By CALVIN PYNN
You never really know whom you’re going to meet on a day-to-day basis. One week ago, I was thrown head first into an assignment, without a clue about what questions to ask or really even what the story was going to be about.
A young woman, maybe just a couple years older than me, came to the office so I could interview her and get the details for a story I was nowhere near prepared to write. She was an interesting character, small in stature and decked head to toe in gothic attire. She had long, grayish-purple hair, wearing ripped jeans over black and white striped leggings, like a turn of the century jailbird would wear. They matched her shirt, which was mostly covered up by a studded jacket. She walked with a cobra-headed cane, which she made sure to tell me was not a fashion statement, and indeed, it supported her frail body as she walked. She also wore mirrored sunglasses, which stayed perched on her nose throughout the entirety of our interview. I never saw her eyes.
Her name was Tovah Trompeter. Less than a day after we met, she lost her life in a fatal car accident. I heard the news just a little over 24 hours after she left the office.
Naturally I was shocked when I heard the news. I have been fortunate enough to not lose many people who have been close to me throughout my life, but it couldn’t help but hit home in this case, even for someone that I knew for such a brief period of time. It’s a strange feeling, and in a way I wonder if death had created a mental connection that wouldn’t have existed otherwise. Either way, the fact remains that Tovah Trompeter made an impact.
She came in to tell me the story of her grandfather, Max Trompeter, a Holocaust survivor, baker, and well known community member in Pulaski throughout the second half of his life. If there was nothing else I could take away from my conversation with Tovah, it was that she admired her late grandfather, whom she referred to affectionately as “Daddy Max,” very much. Although his story had been published multiple times in The Southwest Times and other local papers before and after his death in 1996, she was determined to make sure his story would be told at least one more time. I saw it as her way of keeping an old story alive so it wouldn’t wither away as the generations progressed. Persistent as she may have been, you can’t help but admire that notion.
During our talk, Tovah came through to me as a person who had endured more than most, perhaps holding a shield of strength up for too long, and not too far from a breaking point. She told me of constant struggles with abandonment, heartbreak, as well as her illness – lupus of the brain, which required her to use the cane.
She was engaged to her longtime boyfriend Elton Washburn, who was in the car at the time of the accident, and is currently recovering at Roanoke Memorial Hospital. Based on what I learned from everyone I talked to after her death, it was apparent that he was the light of her life.
I was supposed to meet with Tovah again last Thursday, as she was going to bring some notes about her grandfather for me to look over for the article. Sad to say, that meeting never happened, and I was only left with what I learned from her during that brief, 30 minute interview last Tuesday.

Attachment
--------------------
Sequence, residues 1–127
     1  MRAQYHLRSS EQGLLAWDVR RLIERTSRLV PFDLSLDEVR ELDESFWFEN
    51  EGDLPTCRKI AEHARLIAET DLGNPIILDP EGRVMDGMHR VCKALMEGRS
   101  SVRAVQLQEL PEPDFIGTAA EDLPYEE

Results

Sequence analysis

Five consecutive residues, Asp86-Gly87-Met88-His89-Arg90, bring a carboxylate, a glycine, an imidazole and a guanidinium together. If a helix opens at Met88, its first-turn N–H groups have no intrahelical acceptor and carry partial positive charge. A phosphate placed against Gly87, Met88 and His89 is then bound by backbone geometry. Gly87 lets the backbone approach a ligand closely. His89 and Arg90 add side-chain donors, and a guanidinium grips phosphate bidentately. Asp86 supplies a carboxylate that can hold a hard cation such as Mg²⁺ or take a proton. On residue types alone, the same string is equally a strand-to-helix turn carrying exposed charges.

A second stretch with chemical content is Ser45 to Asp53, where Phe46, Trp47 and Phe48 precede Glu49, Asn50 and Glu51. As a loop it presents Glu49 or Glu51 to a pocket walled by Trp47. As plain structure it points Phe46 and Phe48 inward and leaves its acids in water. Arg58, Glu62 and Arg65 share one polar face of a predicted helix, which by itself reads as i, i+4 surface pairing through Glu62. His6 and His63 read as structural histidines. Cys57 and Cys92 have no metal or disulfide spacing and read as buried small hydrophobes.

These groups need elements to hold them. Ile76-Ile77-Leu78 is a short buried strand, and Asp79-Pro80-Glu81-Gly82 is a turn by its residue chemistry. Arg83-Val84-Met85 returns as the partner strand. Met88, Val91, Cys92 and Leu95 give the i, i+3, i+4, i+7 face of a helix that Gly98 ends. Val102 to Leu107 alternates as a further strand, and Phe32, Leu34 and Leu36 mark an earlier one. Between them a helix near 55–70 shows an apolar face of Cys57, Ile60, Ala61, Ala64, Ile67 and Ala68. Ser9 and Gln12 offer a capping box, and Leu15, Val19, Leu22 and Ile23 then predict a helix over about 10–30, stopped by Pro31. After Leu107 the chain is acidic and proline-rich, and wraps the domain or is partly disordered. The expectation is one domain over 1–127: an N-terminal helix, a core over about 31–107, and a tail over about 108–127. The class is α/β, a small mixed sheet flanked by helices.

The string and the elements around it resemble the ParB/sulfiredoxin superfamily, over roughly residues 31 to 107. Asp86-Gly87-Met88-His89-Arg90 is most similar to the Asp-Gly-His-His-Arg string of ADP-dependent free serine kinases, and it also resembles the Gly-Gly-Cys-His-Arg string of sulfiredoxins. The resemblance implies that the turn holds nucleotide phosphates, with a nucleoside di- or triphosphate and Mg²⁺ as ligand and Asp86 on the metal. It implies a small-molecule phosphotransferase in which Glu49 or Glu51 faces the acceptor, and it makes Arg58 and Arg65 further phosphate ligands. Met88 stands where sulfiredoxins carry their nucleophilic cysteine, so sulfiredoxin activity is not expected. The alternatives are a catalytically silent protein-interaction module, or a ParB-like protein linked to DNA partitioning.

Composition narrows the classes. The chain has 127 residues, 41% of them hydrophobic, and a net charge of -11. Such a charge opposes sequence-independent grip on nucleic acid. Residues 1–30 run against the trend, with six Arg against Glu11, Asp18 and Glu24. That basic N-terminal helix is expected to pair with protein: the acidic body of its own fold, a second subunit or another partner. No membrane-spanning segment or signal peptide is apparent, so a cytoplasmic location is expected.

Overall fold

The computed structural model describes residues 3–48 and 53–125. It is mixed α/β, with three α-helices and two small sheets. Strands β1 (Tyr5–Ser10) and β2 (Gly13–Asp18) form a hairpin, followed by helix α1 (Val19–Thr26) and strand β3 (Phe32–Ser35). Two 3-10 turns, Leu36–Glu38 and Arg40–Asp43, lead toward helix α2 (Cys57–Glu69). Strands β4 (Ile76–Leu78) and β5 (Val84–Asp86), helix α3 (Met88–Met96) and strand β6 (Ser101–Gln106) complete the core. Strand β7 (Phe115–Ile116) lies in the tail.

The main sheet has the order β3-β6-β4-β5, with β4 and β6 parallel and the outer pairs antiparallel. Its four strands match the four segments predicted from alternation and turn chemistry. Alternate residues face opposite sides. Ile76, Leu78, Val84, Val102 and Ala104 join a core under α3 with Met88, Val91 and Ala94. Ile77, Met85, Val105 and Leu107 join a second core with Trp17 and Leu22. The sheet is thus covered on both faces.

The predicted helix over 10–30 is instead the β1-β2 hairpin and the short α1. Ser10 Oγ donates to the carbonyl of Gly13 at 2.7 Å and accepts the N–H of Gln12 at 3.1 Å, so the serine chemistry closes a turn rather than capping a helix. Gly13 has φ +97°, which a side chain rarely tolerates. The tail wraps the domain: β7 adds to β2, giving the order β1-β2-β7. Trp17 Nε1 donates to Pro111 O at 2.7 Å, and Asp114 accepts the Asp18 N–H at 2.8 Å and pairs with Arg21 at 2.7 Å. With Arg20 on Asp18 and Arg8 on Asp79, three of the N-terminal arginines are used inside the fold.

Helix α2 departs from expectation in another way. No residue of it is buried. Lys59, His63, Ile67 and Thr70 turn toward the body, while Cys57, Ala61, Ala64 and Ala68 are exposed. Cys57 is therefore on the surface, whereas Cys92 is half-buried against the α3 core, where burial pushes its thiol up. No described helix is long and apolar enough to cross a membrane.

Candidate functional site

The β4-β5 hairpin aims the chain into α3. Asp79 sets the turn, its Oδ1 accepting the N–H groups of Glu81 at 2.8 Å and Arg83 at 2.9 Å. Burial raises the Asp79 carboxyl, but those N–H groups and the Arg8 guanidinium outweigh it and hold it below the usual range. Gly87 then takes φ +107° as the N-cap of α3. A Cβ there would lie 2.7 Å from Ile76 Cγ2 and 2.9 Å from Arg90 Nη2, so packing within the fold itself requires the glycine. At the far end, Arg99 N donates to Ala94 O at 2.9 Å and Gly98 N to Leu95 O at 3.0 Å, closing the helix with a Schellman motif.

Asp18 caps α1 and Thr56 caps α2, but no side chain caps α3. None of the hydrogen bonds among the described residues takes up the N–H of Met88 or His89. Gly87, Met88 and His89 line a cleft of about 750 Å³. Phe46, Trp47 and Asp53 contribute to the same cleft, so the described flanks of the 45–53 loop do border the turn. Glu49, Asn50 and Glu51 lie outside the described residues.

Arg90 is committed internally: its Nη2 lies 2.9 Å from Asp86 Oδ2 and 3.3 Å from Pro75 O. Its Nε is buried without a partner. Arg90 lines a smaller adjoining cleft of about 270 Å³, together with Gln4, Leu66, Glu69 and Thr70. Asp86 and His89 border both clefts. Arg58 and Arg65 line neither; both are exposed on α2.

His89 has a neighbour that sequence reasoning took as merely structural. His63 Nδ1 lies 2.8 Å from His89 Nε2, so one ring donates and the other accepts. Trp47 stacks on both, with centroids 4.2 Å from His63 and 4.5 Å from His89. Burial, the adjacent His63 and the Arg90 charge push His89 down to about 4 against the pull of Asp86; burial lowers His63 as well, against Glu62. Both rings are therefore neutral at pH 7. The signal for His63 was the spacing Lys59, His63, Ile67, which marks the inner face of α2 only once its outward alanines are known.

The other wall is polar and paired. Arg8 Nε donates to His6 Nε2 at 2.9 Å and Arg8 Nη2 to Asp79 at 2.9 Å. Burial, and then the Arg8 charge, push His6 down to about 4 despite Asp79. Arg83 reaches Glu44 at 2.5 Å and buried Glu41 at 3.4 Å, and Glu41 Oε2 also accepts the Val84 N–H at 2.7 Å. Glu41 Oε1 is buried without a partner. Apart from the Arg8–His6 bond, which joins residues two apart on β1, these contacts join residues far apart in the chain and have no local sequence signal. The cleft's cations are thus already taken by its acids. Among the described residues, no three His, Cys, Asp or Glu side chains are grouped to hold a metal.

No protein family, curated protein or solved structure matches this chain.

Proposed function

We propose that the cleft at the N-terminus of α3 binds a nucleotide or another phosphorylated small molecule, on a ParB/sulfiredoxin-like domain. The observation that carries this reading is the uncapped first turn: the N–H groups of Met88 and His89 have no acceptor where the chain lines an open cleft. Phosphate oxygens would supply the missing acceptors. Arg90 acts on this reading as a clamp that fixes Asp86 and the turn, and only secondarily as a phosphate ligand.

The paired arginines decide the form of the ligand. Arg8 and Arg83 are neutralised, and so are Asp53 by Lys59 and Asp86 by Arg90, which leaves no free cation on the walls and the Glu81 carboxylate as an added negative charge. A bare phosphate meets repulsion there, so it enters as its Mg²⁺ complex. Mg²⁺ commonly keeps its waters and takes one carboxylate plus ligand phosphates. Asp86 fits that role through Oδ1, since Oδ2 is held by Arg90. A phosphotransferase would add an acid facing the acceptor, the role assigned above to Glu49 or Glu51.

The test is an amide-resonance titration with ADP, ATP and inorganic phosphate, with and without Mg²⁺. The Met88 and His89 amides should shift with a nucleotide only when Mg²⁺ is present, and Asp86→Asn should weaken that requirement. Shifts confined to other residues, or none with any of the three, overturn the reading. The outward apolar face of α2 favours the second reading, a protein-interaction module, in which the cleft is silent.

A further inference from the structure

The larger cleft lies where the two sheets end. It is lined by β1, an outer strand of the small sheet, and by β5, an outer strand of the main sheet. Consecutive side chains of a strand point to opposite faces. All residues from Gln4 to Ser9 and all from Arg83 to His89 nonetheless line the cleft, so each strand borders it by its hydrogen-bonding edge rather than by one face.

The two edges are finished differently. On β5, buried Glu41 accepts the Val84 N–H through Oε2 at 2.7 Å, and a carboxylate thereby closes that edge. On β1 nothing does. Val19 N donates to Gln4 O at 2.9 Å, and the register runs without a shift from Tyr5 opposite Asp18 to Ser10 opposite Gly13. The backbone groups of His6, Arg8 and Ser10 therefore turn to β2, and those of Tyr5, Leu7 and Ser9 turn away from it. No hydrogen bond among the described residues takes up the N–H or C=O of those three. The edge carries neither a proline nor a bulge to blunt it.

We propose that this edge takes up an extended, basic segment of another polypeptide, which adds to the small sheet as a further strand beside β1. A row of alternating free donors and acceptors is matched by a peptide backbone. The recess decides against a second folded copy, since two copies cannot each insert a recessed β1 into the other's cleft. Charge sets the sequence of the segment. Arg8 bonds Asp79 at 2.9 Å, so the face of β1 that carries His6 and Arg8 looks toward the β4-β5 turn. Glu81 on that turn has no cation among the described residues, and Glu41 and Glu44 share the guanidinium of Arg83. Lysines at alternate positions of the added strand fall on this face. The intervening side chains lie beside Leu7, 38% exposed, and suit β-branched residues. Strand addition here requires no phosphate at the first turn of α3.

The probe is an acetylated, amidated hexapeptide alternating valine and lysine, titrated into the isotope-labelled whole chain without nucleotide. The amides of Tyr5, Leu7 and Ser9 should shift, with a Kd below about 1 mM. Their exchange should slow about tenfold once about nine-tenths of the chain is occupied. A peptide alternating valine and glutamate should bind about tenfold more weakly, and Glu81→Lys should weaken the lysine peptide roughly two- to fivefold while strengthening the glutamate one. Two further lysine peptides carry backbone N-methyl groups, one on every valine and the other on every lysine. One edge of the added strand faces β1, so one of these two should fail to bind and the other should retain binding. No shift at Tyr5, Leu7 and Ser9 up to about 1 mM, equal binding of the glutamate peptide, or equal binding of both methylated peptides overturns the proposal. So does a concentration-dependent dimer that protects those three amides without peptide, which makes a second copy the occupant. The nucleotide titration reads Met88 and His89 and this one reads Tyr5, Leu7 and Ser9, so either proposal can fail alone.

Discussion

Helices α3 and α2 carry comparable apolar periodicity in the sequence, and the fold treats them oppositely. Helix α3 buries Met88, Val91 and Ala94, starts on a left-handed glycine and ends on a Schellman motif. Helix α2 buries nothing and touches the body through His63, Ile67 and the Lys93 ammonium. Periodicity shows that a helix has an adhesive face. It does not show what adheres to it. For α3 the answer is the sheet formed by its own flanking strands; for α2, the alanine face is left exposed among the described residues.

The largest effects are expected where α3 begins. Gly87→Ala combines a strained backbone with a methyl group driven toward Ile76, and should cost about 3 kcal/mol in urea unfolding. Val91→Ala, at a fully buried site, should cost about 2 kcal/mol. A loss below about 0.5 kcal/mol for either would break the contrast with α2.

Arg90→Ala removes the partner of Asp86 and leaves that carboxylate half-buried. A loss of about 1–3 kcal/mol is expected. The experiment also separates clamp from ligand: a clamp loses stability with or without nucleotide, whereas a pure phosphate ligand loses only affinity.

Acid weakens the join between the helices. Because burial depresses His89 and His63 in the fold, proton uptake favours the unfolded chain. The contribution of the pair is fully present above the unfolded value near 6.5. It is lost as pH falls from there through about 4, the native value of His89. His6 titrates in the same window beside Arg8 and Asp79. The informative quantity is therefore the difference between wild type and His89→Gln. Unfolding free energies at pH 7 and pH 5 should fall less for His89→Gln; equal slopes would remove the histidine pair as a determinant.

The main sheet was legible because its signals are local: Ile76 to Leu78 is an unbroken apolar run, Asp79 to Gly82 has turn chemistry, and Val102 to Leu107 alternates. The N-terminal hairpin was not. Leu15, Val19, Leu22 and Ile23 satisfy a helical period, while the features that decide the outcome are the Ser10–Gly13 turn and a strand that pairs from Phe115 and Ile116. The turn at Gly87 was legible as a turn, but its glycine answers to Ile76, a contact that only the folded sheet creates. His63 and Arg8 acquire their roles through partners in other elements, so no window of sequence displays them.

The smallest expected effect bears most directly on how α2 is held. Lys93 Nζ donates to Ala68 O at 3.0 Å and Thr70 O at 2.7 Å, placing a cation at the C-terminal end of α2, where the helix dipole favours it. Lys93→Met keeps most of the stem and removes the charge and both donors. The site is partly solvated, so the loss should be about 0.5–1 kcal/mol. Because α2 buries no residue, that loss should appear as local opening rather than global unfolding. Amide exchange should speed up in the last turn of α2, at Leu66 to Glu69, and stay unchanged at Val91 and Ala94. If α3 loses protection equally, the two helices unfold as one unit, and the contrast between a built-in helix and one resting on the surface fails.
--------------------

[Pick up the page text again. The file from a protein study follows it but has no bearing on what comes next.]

However, as a journalist, I feel that the best way to do my part in honoring Tovah’s memory is to convey what she told me, and honor her grandfather the way that she wanted me to, by telling his story. Tovah started to tell me about Max Trompeter, although heavy emotions and sketchy details (the reason why she wanted to bring me those notes) left for a spotted picture. Still, I could make out the message Tovah was trying to get across, and I’m going to try to the best of my ability to make her proud by getting it out there.
As Tovah told me, Max Trompeter would have celebrated his rebirth yesterday, May 5. Sixty-nine years ago to that date in 1945, he was liberated by American troops in 1945 after spending six years in Nazi concentration camps.
During those six years, Max lost his entire family. Both of his parents were dead. At the time of his liberation, Max was 24, the oldest of nine children, none of whom survived the Holocaust. Tovah fought back tears as she told me of the atrocities he endured, but one point remained throughout her story – Max Trompeter never broke. Not even after seeing ever member of his family perish did he lose strength. To Tovah, his resilience was the epitome of the man she called “Daddy Max.”
According to Tovah’s story, Max Trompeter worked in a bakery in Poland around the time the Nazis occupied the country, working day and night to supply food for the people in hiding. This gave way to the life he made for himself later as he ran Max’s Bakery until his death.
Those were the details I was able to glean from Tovah’s story as she told it through a heavy wave of emotions. Still, I seemed to develop an understanding of who her grandfather was, and why after all these years, she won’t let the world forget about Max Trompeter’s rebirth following the death of his entire family. It’s common sense to accept that the Holocaust took more casualties than the dead. Witnessing such horrors could understandably bleed a person of their humanity. Not Max Trompeter. According to Tovah, he came out on the other end as a man of true strength, who didn’t so much as curse his experience, but rather looked onward as he lived his life.
I’m glad I met Tovah when I did. She was taken from this life in a sheer, unpredictable moment, but if there was one thing in this world she wanted to make sure of, it was that her grandfather’s story never died. Rest in peace, Tovah. Wherever you are, I’m sure you have a proud grandfather standing right next to you.